Video gaming machines have been popping up in Illinois bars and restaurants for nearly four years. For the most part, the increase in gaming machines and in revenue across the state has been steady.
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There are nearly 24,000 video gaming machines in Illinois, and the amount played over the last few years is in the billions of dollars -- with a b.
Some of the money goes back to the players who win. The rest is split among machine operators, business owners, the state, and the community where the machines are located.
Michael Gelatka, president of the Illinois Gaming Machine Operators Association, says he’s been satisfied with how the process has been regulated.
“I think that was the strength of the Illinois model,” he said. “It wasn’t everywhere you can sell lottery. It’s in bars and restaurants.”
That has helped businesses facing closure, he says, by offering a seemingly reliable revenue stream.
“It’s helped to improve local community. Instead of all the money going to a handful of boats in larger communities, this is driving money into local economy,” Gelatka says.
Beyond The Numbers
But there are two sides to every coin, and there are several ways to look at the impact of video gaming — both on paper and in socio-economic terms.
Gelatka says there has been no noticeable change in crime as a result of video gaming.
Not everyone agrees. Anita Bedell is with the Illinois Church Action on Alcohol and Addiction Problems.
“There has been embezzlement. There’s been bankruptcy, divorce, and crime – all of the results of video gambling,” Bedell says, “and that will just continue to grow.”
Notice that she calls it video gambling instead of video gaming.
The distinction is important because her group also monitors the state gaming numbers, but she focuses her attention on how much money players have lost.
Bedell’s group tallies the top ten communities by dollars lost by players. Since 2012, they include Springfield, Rockford, Decatur, Bloomington, Champaign, and Peoria.
Bedell says her group will continue to educate communities which want to add or expand video gaming.
Reliable Revenue For Rockford
Consider another perspective: 25% of gaming revenue goes to the state of Illinois while 5% of the revenue from video gaming machines stays in the communities which allow them.
Rockford City Administrator Jim Ryan says the city uses the money from video gaming for its fleet of vehicles.
“We were having to, you know, talk to other municipalities and buy used equipment for ambulances and fire trucks – and it’s very capital-intensive,” he says.
Not any more.
He says video gaming has been a steady revenue stream, bringing in $1.2 million in 2014 and $1.3 million last year. At a time when the state is struggling to put together a budget, reliable revenue can be hard to find.
Ryan says he expects video gaming revenue will continue to increase, but adds that the city has tried to be mindful of how many new licenses are approved.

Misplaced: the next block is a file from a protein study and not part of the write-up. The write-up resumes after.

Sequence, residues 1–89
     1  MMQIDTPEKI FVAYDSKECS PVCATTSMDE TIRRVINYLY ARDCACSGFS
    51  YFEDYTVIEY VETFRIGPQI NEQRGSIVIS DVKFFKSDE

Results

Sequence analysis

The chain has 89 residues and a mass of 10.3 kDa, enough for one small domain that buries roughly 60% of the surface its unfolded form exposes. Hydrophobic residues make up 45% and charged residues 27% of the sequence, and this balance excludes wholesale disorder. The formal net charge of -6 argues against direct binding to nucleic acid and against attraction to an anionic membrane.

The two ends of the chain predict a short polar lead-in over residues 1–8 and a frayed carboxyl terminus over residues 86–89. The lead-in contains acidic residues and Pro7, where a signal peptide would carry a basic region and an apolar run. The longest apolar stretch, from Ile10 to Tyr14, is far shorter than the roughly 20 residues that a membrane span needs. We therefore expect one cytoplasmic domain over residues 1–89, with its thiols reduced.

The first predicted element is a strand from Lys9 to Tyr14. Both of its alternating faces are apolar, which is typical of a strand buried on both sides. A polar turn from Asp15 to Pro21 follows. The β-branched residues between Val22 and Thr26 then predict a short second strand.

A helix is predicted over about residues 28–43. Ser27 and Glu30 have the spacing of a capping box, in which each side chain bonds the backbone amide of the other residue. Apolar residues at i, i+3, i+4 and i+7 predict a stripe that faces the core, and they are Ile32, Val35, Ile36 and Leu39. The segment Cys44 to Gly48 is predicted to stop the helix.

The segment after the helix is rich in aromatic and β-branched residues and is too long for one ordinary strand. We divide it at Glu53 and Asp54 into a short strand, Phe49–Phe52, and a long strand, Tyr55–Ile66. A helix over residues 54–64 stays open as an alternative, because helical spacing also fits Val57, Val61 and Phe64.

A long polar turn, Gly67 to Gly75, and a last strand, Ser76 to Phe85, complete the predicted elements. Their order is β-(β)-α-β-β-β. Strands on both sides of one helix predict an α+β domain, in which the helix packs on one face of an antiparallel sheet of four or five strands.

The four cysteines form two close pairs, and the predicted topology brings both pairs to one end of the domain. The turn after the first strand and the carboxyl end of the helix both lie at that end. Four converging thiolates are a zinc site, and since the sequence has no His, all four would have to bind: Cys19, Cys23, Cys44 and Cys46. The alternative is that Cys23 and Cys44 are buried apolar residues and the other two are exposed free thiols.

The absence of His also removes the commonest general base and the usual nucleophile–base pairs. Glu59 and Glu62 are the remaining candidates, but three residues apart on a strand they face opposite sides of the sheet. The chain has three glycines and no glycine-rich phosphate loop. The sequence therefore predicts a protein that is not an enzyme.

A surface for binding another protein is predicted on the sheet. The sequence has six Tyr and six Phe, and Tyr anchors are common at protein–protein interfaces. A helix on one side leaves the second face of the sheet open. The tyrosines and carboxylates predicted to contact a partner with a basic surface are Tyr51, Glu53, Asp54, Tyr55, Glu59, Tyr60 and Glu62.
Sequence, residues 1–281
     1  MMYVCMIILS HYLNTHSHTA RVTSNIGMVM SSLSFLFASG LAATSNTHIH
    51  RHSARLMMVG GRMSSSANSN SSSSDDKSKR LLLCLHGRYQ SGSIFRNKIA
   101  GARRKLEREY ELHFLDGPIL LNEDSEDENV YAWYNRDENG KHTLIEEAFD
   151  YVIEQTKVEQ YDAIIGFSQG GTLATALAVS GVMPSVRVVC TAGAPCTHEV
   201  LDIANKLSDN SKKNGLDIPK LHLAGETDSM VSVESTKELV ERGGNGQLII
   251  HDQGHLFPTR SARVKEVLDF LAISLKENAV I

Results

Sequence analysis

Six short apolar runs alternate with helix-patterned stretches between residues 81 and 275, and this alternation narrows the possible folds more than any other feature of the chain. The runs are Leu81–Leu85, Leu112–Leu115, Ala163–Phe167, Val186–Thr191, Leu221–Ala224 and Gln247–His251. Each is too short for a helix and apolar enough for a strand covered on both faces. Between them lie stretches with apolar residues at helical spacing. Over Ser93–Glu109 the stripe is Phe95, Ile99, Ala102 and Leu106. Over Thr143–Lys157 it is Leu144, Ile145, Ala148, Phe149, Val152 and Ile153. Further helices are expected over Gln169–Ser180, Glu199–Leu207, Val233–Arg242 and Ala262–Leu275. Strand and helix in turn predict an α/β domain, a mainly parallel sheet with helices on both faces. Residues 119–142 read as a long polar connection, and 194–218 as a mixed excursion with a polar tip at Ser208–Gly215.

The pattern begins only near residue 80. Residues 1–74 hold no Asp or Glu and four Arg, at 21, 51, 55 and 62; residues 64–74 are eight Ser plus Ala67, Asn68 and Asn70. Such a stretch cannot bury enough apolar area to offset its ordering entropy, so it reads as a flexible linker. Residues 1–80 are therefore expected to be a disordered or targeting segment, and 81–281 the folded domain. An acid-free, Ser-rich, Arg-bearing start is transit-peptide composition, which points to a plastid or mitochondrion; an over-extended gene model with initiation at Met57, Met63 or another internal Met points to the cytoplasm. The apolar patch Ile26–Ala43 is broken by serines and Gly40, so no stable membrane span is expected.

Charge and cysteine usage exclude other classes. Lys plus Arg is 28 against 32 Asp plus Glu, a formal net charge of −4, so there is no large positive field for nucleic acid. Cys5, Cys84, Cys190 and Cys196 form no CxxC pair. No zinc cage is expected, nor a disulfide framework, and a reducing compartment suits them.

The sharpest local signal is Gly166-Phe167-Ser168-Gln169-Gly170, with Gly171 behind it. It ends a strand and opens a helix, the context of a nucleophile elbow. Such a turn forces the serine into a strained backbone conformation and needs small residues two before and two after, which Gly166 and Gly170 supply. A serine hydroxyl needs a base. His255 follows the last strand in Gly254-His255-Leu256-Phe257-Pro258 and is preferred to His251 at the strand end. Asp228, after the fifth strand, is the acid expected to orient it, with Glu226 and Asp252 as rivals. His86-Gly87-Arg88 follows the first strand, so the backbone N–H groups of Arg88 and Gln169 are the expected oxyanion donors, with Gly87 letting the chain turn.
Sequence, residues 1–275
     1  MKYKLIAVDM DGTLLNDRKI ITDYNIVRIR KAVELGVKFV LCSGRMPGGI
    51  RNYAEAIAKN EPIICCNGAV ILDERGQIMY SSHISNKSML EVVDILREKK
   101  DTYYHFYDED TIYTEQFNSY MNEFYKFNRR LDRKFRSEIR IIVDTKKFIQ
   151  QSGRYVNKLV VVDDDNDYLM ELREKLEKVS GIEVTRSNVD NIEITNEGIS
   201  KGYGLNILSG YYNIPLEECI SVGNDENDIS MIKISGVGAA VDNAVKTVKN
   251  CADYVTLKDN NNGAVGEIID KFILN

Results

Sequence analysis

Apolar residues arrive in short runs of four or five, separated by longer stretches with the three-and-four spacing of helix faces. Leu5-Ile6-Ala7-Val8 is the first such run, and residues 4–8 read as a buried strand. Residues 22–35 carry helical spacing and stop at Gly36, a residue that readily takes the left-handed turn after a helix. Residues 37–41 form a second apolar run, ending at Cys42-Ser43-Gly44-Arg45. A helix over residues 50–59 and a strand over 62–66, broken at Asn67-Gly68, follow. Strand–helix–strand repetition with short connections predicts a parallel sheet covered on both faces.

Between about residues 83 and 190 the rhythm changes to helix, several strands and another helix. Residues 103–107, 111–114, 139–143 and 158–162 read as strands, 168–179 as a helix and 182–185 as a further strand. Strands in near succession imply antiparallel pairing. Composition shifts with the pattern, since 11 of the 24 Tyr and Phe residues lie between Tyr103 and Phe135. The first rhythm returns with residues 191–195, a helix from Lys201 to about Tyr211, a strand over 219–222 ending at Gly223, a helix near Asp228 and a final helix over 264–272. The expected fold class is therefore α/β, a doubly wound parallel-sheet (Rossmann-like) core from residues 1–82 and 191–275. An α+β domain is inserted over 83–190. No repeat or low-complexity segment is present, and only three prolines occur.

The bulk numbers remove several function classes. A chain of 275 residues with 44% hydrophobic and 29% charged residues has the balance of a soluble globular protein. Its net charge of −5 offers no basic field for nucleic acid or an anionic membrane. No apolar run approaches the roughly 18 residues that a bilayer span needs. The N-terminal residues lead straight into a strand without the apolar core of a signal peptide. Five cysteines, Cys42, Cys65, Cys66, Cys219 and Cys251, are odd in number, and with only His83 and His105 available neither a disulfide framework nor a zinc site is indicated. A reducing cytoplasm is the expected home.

“We look at areas in terms of poverty and things like that,” Ryan explains, “but, if they’re not going to play in Rockford, they’re going to find a place to play.”
That’s where Robert Olsen, with the Outreach Foundation for Problem and Compulsive Gamblers, sees room for action.
“The Outreach Foundation doesn’t take a stand for or against gambling. It is here to stay,” he acknowledges. “Now, let’s help the people who have a problem with it. That’s all we really want to do.”
Olsen says the state’s casinos have self-exclusion programs in which players who struggle with gambling can register to be banned from casinos. He says there is not a similar program in place for the video gaming terminals.
“It has to be addressed by our legislators to allow people who admit that they have a gambling problem, that they are not allowed in these parlors to continue their addiction and destroying their lives over it,” Olsen says.
Gelatka says the Illinois Gaming Machine Operators Association has been working with the Illinois Gaming Board "to come up with realistic options for irresponsible gamblers to acknowledge such and for location employees to be better educated about problem gambling and all of the options available to the small percentage of players who find themselves using video gaming for reasons other than as entertainment."
He says his group will continue to support business owners and operators. And he encourages those who like video gaming to make their feelings known.
“We are always open to a call or a call to your local legislator,” he says, “so that they realize that you are enjoying the new option that you never had before.”
A spokesperson for the state gaming board says there have been indications that the growth in video gaming could eventually level off, but says the numbers could reach unseen heights if Chicago ever chooses to opt in.
· WNIJ reporter Jessie Schlacks contributed to this report